Getting the best mortgage rates

Rates on home loans are still attractive. Currently, the average rate for a 30-year fixed-rate mortgage is 3.6 percent, according to Freddie Mac, a mortgage buyer, compared with an average rate of 5.4 percent for the last ten years. But to qualify you'll need a sizable down payment (generally 10 percent to 20 percent of the home's value), a solid FICO credit score (720 or higher) and plenty of documentation to prove your income, among other things. If you don't clear those hurdles, you may be a good candidate for an FHA loan, which is a mortgage backed by the Federal Housing Administration. These loans charge just 3.45 percent in interest today and require a down payment of only 3.5 percent. Also, you don't need sterling credit. You may be approved with a FICO score as low as 580, though many lenders want a minimum of 620 today, says Keith Gumbinger of, which keeps tabs on the housing industry. New mortgage fees So what's the catch? You may owe more in fees. FHA borrowers who put down less than 20 percent have to pay mortgage insurance. Starting April 1, the premium for new loans of up to $625,500, rises by 10 percentage points (for bigger loans, the fee goes up by 0.05 percentage points). And beginning June 3, most new borrowers will have to pay the premiums for the life of the loan. Previously, mortgage insurance was dropped once the loan balance fell to 78 percent of the home's original value. Conventional loans also require mortgage insurance for small down payments, but lenders may be willing to waive the charge once you've paid down a chunk of the loan. more

Homebuying: Should you take the plunge?

Spring is typically the busiest season for homebuying, and this year the housing market is already showing signs of coming back to life. According to the National Association of Realtors, the median price for U.S. homes was $173,600 in January, the latest month of available data. That's up 12.5 percent from the same period in 2012, and is the largest year-over-year increase since 2005. What's more, even though home prices are beginning to rise, affordability continues to improve — especially for first-time buyers. The NAR's first-time homebuyer affordability index reached a record high of 127.7 in 2012 (the higher the number, the better). In 2006, at the real-estate market's peak, the index stood at 71.3. Low mortgage rates and an improving economy are helping make homebuying more attractive today. Should you take the plunge? Consider the following. Renting vs. owning In many areas of the country, it is now cheaper to own a home than it is to rent. But much of that advantage still depends on the size of your down payment, the interest rate you'll pay on a mortgage and the amount of time you plan to stay put. more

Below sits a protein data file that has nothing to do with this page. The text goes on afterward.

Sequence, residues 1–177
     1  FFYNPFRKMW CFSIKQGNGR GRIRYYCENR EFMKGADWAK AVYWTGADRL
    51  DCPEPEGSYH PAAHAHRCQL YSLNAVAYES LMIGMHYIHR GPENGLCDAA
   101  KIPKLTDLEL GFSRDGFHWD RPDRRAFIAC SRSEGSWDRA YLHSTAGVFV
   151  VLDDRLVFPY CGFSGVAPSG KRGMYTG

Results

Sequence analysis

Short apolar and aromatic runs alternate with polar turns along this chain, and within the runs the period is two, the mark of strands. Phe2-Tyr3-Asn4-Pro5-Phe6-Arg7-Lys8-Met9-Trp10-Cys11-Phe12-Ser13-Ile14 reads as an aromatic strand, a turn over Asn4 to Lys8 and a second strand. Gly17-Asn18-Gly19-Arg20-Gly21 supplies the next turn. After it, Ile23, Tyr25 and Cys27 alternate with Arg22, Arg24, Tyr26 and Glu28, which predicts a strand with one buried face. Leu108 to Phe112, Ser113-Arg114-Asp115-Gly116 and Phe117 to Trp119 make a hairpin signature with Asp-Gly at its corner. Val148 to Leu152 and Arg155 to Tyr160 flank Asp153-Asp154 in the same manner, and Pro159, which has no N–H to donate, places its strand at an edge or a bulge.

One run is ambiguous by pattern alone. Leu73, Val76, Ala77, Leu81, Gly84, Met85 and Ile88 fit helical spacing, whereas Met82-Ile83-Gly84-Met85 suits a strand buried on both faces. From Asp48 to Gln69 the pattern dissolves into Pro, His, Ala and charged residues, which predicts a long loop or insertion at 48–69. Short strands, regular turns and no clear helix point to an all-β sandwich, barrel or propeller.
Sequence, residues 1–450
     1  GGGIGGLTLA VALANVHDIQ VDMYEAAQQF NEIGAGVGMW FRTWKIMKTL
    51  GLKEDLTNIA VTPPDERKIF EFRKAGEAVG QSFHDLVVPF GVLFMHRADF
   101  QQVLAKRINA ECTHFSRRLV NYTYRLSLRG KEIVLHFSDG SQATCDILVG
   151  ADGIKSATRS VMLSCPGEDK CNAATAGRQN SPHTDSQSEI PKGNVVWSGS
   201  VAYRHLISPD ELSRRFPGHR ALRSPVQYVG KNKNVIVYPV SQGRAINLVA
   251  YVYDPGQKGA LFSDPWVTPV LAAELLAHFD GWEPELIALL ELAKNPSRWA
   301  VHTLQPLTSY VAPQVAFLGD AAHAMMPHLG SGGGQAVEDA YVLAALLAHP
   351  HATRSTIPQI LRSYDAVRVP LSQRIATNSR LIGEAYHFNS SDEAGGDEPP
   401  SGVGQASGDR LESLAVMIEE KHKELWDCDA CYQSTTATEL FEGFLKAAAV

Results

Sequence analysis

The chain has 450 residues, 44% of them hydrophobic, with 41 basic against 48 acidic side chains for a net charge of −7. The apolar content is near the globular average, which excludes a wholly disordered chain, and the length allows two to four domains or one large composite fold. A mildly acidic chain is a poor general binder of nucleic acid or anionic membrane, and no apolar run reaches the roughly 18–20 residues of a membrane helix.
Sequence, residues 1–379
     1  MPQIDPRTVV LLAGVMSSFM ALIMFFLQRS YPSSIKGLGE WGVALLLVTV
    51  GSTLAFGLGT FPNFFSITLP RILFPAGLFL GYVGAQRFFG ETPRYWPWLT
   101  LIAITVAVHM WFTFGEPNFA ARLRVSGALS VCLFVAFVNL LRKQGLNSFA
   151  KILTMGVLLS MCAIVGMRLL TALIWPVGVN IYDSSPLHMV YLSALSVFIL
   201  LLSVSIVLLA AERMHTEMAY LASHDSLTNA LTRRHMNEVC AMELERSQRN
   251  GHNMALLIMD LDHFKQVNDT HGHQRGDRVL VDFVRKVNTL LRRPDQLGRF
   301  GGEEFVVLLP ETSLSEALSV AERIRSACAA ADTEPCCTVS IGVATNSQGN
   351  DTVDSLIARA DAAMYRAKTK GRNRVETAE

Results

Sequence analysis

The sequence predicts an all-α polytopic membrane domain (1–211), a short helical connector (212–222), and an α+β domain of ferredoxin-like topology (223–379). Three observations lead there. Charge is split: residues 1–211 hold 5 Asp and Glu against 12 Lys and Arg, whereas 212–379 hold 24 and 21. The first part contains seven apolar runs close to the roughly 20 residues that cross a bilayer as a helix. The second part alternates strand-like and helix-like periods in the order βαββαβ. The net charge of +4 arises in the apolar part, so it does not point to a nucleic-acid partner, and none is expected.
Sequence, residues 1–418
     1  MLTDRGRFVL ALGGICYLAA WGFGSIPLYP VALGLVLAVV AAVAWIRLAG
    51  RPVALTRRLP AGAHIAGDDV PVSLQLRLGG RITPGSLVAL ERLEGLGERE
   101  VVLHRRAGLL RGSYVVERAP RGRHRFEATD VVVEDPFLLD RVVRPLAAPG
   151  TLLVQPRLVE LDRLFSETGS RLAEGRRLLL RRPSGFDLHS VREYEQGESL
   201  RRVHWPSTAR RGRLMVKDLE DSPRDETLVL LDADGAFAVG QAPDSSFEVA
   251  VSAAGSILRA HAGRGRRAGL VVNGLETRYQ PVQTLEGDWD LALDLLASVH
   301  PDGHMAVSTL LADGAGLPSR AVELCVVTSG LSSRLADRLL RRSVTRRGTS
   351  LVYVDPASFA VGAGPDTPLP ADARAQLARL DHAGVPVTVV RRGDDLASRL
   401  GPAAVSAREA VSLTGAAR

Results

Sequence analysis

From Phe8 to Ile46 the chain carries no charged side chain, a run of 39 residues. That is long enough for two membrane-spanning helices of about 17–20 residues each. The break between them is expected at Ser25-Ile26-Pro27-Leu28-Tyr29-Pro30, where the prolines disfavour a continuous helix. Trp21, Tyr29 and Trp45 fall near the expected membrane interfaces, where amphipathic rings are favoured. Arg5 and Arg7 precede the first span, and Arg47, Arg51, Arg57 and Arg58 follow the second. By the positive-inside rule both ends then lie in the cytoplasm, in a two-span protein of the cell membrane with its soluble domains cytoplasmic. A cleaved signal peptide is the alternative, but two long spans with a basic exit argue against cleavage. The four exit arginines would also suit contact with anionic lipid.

Home sales and prices are up, leading indicators show...

New numbers from the Illinois Association of Realtors show that Chicago's nine-county area saw a 19.2 percent month-over-month increase in December 2012 over December 2011. For the whole year, 2012 totaled 90,365 sales, up 26 percent from 2011. December's median price was $151,500, up 4.5 percent over that month last year. Regionally, the Illinois Association of Realtors reports, single family home sales were up 17.1 percentRegionally, the Illinois Association of Realtors reports, single family home sales were up 17.1 percent in December with prices showing a 4.3 percent increase; while total condo sales were up 23.1 percent, with prices showing a 6.5 percent gain. Narrowing the focus to the city, Chicago saw a 14.6 percent year over year increase in sales while condo sales increased 17. 7 per cent, year over year. Home prices were up 19.4 percent overall in December versus the same month in 2011. Another key indicator - the number of days a home sits unsold - is down 17.5 percent, from 103 days to 85. The decrease in time on market, says Zeke Morris, president of the Chicago Association of Realtors, "shows a continued clearing of inventory, of both single-family homes and condominiums." But compared to other regions of the country, our year-over-year numbers are not so impressive. Zillow reports that nearly every national market saw big price gains in 2012. Cincinnati and Chicago regions were the two that didn't. Our median sales price in 2012 was $160,000, down 1.5 percent from $162,500 in 2011...more


Chicago-area home sales jump 19% in April

The local housing market continued its push into recovery last month, with Chicago-area home sales in April jumping more than 19 percent over last year. In April, 6,814 single-family homes and condominiums sold in the nine-county Chicago area, up 19.3 percent from 5,710 sales in April 2011, according to the Illinois Association of Realtors. The city of Chicago saw a similar gain, with 1,750 homes sold last month, up 19.4 percent from 1,466 sales in April 2011...more